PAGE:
RegeniTherix™: a theranostic approach to overcoming wound healing barriers6th Nov 2013

Translation from laboratory to clinic

RegeniTherix™: a theranostic approach to overcoming wound healing barriers

Professor Shervanthi Homer-Vanniasinkam, Mr David Russell (Leeds Vascular Institute, Leeds General Infirmary) and Dr Mike Raxworthy (Neotherix)


The i4i programme of the National Institute for Health Research (NIHR) has made a significant award to a consortium of clinicians and industry for work on a “theranostic” system to improve wound healing.

Work on this project is now progressing the development of a new wound management and diagnostic technology with the potential to improve healing times, provide time savings and cut costs. The RegeniTherix™ technology system comprises a material that both promotes wound healing and facilitates wound sampling, and an inexpensive reader device to measure wound biomarkers at the bedside.

The problem

As well as the pain, loss of sleep, reduced mobility and social isolation caused to patients, non-healing wounds place a significant burden on the NHS. An estimated 340,000 people in the UK suffer from chronic wounds at a cost of £4750 per patient, i.e. roughly 3% of the UK’s total healthcare expenditure. The consensus of various reviews of this problem is that the longer than necessary healing times frequently experienced result from a tendency to treat just the symptom (e.g. ulcer) and the lack of appropriate tools either to determine the underlying wound cause or complicating factors (e.g. infection or inflammation), or to guide the selection of treatment according to the stage of healing.

Project aims

The 2½ year project, which started in July 2012, aims to translate novel technology for managing non-healing (acute or chronic) wounds from the laboratory into clinical practice.

The objectives of the project are to (a) develop a series of biomarker-based wound assessment assays (SensaPharm, Complement Genomics and NPL) and (b) evaluate the utility of a novel electrospun scaffold-hydrogel system for obtaining real-time biological information on the healing status of problem, non-healing wounds (Neotherix and Leeds Vascular Institute). The regenerative scaffold-gel system is also designed to have a therapeutic, wound repair benefit as evidenced by earlier pre-clinical studies.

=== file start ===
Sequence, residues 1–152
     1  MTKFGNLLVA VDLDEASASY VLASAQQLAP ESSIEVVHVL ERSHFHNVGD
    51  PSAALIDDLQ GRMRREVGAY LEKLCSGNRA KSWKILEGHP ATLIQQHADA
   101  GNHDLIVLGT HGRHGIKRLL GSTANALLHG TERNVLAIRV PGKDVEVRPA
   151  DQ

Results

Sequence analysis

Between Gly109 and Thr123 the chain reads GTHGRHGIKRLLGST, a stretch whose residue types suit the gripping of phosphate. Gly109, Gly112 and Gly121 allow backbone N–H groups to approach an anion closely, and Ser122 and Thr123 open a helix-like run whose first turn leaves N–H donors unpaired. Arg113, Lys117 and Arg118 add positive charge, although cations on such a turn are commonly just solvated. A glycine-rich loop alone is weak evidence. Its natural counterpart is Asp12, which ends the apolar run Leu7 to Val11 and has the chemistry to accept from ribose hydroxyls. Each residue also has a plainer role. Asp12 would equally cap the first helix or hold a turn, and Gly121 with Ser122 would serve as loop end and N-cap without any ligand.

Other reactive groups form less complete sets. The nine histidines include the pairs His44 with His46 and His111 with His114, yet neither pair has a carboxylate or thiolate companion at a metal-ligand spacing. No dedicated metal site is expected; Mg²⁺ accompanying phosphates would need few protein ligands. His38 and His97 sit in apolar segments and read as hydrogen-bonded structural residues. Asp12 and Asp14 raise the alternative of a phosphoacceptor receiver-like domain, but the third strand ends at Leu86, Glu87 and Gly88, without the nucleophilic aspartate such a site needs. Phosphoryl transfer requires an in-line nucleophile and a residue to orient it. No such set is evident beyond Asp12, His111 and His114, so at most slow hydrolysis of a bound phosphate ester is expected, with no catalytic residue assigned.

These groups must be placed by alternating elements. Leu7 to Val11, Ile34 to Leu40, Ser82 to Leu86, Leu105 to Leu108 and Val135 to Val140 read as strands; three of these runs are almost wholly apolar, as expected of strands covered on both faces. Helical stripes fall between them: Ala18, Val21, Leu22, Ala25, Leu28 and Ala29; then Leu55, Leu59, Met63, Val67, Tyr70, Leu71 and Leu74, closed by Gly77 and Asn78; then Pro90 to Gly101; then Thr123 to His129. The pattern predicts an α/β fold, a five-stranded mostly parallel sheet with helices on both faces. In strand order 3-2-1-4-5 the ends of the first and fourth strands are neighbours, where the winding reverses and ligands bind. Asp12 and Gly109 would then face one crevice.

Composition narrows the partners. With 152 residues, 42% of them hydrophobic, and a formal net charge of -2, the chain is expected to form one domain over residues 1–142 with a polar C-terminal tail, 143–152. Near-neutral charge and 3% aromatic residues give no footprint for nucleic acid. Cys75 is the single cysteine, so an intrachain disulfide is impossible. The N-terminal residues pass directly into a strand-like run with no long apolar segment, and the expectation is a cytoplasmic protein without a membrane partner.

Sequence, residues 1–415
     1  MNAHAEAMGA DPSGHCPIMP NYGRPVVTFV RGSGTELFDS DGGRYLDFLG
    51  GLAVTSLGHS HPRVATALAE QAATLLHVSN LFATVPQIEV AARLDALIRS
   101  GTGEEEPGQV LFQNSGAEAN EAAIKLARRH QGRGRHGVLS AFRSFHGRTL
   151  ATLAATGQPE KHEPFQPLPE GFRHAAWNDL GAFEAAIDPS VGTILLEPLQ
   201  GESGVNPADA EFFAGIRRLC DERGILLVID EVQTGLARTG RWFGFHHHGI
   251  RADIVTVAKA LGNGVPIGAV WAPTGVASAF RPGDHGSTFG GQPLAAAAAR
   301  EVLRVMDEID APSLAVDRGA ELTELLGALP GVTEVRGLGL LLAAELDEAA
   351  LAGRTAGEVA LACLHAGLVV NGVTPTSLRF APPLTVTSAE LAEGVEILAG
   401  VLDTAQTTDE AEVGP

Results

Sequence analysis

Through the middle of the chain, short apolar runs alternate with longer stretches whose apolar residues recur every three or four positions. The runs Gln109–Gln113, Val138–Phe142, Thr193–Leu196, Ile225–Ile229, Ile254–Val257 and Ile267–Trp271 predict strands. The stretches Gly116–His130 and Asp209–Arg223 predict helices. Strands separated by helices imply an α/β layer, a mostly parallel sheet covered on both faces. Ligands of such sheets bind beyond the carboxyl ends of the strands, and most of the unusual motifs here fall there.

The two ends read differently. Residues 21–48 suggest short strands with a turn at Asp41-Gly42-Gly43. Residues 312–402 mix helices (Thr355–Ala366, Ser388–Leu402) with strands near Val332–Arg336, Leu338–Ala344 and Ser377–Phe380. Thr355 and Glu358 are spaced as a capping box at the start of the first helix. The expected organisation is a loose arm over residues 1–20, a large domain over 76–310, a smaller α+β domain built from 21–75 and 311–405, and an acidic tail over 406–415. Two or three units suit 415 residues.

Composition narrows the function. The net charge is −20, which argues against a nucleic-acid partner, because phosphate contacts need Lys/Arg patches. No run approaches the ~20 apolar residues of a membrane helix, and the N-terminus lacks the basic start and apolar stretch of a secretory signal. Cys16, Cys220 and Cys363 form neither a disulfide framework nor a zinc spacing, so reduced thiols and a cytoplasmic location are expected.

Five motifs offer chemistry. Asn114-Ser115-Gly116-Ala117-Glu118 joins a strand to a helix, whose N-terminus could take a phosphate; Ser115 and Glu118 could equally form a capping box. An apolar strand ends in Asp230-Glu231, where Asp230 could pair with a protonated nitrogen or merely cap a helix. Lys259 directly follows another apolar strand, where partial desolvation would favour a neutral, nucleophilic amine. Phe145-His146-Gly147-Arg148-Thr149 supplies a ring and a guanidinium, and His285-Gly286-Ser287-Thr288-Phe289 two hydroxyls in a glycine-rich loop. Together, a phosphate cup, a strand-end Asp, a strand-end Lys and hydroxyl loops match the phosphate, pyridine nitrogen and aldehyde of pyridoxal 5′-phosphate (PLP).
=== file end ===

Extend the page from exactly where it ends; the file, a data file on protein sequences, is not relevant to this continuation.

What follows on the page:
As well as permitting fast, sensitive and quantitative analysis, the technology has been designed to allow for the concurrent analysis of more than one biomarker. This is important because the relative amounts of wound biomarkers can be as significant as their individual concentrations. Building on successful laboratory proof-of-concept work funded by the Technology Strategy Board (TSB), the research will involve patients with non-healing diabetic foot ulcer wounds and be performed in the Limb Salvage Clinic run at St James’ University Hospital in Leeds. The research will enable the clinicians and industry researchers involved to produce an application demonstrator device (or kit of devices) ready for CE marking and clinical application, and in so doing take significant steps towards commercialisation.

The ability to identify biomarkers in near-real time in the immediate wound environment, together with the potential for rapid wound ‘characterisation’ will provide clinicians with unique insights into the healing status of the wound. This will allow a stratified approach to the selection of treatment choices and contribute to a substantial reduction in wasted expense incurred by the health system purchasing products to which particular patients will not respond. A 5% cost saving on NHS expenditure on chronic wounds is considered attainable and would have a value of £80m pa.


Example of handheld biomarker reader

The team

The RegeniTherix™ consortium is led by the National Physical Laboratory (NPL) and includes the Leeds Vascular Institute at the General Infirmary at Leeds and the SMEs Neotherix (York), SensaPharm and Complement Genomics (both Sunderland).


For more information, contact the authors or the Chief Investigator, Alex Knight, at the National Physical Laboratory.


This report is independent research by the National Institute for Health Research Invention for Innovation (i4i) Programme, RegeniTherix™ - a novel theranostic technology to improve wound management, II-LS-0511-21008. The views expressed are those of the author(s) and not necessarily those of the NHS, the National Institute for Health Research or the Department of Health.

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